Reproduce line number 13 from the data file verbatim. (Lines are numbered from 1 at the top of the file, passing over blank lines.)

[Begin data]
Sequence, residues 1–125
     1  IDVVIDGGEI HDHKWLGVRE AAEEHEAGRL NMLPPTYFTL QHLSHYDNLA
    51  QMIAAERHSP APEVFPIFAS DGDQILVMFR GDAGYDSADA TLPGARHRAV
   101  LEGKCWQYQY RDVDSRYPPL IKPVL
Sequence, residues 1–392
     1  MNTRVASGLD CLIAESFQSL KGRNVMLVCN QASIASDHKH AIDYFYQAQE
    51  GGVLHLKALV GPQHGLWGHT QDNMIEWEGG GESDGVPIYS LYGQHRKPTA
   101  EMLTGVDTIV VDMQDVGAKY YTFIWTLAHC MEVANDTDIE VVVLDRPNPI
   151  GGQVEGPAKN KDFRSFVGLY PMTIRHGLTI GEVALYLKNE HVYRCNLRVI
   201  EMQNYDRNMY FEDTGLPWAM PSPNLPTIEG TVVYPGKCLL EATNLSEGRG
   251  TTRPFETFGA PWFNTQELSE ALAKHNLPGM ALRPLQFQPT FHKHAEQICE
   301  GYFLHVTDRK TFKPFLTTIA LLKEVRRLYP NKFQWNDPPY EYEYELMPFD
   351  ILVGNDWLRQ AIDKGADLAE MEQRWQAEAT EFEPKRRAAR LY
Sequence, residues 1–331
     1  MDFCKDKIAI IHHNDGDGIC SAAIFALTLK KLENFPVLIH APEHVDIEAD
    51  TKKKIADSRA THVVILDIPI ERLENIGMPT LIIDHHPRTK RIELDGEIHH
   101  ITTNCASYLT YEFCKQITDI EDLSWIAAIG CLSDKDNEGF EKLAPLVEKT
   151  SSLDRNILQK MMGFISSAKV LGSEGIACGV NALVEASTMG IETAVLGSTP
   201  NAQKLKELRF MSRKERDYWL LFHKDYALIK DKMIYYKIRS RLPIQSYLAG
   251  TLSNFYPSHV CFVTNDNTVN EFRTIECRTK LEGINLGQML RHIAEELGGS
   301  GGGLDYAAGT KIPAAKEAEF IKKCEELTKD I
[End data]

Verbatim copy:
   351  ILVGNDWLRQ AIDKGADLAE MEQRWQAEAT EFEPKRRAAR LY